By Judith Kahn
Lynn Sondag is a woman of many facets. The Richmond District resident is an artist, a teacher, has a meditation practice, has traveled to far-away lands and is even a “puppy raiser.”
Sontag’s artistic talent earned her a position as an instructor at Dominican University of California in San Rafael. She enjoys painting landscapes and routine activities on city streets. She prefers the medium of watercolor to best express the weather and other environmental elements. Examples of her work can be found at Avenue 12 Gallery on Lake Street.
Lynn Sondag. Courtesy photo.
“Watercolor is about the juggling of the risk and immediacy with strategic thinking,” Sondag said. The medium allows her to work quickly and capture routine experiences of walking through and exploring the varied landscapes of San Francisco. The portability of watercolor also allows her to reflect upon and capture what she sees in the moment in other countries and more remote locations.
Ever since childhood, making art and being creative has been a part of her daily life. In fact, it was a feature of how she and her friends and played together. She was inevitably the artist in her class. From this, she formed an identity as an artist early in life.
“It was a way to edge my imagination,” when she was on her own, Sondag reflected.
At a young age, classmates asked her to draw for them. She received a BFA from Savannah College of Art and Design and an MFA from the California College of the Arts (CCA), known, at the time, as California College of Arts and Crafts, in Oakland. Both degrees are in painting.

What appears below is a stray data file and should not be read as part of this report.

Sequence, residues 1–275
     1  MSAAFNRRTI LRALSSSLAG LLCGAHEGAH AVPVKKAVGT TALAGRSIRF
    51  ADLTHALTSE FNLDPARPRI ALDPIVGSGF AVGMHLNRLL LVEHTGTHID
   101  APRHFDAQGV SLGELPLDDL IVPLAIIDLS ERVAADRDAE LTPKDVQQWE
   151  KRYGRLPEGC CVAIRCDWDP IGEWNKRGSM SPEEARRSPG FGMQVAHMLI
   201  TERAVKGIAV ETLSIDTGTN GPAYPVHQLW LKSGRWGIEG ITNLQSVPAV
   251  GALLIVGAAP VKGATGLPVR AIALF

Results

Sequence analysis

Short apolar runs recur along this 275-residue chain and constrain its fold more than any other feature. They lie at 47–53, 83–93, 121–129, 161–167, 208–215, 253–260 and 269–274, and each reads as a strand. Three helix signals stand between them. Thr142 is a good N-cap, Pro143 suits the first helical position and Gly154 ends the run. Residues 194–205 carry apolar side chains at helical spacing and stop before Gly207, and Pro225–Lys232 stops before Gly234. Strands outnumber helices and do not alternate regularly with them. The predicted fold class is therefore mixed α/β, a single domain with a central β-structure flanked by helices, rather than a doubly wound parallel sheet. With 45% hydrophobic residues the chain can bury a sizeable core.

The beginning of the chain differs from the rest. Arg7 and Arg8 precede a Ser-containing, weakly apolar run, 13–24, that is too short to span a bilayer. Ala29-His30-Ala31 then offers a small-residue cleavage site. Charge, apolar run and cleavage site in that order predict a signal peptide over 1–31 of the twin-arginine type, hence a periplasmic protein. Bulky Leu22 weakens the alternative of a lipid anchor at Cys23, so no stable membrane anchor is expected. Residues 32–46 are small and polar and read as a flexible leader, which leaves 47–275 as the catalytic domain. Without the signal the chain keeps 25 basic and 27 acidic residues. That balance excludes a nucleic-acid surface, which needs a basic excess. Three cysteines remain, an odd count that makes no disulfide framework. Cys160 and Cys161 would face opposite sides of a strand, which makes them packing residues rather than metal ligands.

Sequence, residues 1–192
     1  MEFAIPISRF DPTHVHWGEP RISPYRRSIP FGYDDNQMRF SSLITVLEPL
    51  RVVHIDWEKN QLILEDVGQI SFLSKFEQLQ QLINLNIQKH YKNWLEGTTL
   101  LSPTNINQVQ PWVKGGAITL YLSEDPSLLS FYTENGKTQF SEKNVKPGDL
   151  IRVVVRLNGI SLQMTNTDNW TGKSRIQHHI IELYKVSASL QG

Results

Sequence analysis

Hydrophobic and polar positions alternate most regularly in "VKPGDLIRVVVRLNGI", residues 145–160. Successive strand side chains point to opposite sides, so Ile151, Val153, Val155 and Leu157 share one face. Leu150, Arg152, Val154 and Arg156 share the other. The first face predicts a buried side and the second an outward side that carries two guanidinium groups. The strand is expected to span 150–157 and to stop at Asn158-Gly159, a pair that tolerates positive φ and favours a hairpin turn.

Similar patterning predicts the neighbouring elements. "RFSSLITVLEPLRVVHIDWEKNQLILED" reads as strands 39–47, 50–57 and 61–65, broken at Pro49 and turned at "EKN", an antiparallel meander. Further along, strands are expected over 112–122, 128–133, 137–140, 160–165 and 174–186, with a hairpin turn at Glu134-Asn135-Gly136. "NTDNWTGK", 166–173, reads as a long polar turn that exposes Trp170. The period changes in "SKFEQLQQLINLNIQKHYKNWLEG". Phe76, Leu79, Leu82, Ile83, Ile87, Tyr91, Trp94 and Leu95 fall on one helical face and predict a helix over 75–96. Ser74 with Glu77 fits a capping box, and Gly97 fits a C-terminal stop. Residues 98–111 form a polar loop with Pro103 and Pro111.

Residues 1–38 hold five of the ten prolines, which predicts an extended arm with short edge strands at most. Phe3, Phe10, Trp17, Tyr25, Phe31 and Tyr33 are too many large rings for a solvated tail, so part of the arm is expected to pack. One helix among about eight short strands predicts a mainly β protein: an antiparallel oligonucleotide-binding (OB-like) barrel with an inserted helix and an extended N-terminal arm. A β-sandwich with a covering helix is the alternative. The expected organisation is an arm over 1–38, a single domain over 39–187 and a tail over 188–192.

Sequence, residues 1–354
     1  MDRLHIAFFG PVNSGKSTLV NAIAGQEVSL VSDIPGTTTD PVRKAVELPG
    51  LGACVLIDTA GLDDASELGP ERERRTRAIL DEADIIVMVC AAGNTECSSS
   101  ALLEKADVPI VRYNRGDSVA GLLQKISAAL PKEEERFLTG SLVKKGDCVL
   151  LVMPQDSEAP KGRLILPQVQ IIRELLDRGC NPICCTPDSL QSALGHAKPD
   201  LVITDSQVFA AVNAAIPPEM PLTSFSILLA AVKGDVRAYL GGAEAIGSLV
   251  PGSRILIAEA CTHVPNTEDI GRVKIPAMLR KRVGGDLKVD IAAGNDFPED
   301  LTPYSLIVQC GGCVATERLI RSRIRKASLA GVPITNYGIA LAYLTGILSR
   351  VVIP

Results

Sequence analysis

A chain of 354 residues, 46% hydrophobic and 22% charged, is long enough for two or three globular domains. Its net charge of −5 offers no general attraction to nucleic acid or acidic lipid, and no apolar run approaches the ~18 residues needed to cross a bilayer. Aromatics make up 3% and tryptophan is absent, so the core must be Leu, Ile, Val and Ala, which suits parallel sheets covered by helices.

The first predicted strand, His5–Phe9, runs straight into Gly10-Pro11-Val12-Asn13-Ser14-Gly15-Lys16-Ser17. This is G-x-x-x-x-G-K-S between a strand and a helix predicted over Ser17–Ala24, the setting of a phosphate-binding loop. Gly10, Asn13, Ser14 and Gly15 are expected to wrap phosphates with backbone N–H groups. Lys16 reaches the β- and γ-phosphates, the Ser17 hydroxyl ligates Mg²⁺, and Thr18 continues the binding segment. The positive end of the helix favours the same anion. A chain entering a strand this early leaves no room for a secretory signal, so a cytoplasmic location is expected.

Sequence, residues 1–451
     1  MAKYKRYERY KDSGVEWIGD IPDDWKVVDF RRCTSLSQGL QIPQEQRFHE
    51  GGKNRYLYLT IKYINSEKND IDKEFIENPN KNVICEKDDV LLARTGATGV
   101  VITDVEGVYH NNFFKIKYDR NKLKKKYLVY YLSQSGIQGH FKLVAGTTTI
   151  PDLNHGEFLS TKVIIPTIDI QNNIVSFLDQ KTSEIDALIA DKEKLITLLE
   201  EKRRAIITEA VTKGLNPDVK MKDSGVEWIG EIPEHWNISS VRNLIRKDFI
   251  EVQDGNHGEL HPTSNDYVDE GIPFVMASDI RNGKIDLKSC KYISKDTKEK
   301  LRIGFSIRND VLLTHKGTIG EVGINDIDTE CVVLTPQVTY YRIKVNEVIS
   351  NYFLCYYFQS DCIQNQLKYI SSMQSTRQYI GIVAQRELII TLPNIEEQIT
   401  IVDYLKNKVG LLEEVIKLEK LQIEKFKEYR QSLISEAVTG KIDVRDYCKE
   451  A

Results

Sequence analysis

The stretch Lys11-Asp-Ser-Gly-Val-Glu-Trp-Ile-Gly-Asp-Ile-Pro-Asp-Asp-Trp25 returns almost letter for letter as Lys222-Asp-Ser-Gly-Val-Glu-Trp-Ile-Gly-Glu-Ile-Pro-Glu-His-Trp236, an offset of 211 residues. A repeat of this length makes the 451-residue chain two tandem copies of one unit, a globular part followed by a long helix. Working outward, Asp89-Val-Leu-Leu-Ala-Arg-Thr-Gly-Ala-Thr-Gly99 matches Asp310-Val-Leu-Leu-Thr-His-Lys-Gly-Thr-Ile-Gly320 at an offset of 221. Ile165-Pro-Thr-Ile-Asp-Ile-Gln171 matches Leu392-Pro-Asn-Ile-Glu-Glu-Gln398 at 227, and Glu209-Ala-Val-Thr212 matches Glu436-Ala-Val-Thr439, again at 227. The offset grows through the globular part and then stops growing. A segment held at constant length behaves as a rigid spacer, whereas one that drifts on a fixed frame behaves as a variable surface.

“Ecology 1” by Lynn Sondag. Courtesy graphic.
It was the opportunity to attend CCA that brought Sondag from St. Louis to San Francisco in 1995. Prior to that, her family had moved around a lot, living in Florida and upstate New York as her father was transferred for his work. Her mother was a homemaker, tending to her five children. Sondag’s position among the kids is exactly in the middle, with two older brothers and a younger sister and brother on either end.
Sondag is inspired by art because it allows her to transform a thought or experience into a tangible and beautiful expression.
“Visual expression brings me personal pleasure, and I feel it’s a powerful way to connect to others,” Sondag said.
One of her favorite artists is Lars Lerin, whose watercolors always fascinate and inspire her. Another artist and designer she admires, and who works in a similar realm, is German-Hungarian ceramic artist, Eva Geise.
Along with her art, Sondag has other rich experiences. She has a meditation practice that is a central part of her life. She said it nourishes her soul. Swimming is another activity she enjoys, and along with her husband, she loves to travel. She plans to resume this when things open up again after the COVID-19 pandemic. Also, for the past three years she has been a “puppy raiser” for Canine Companions for Independence.
Sondag looks forward to future opportunities to create public art projects. These will give her more experience with murals and community-need art projects outside of her role as teacher.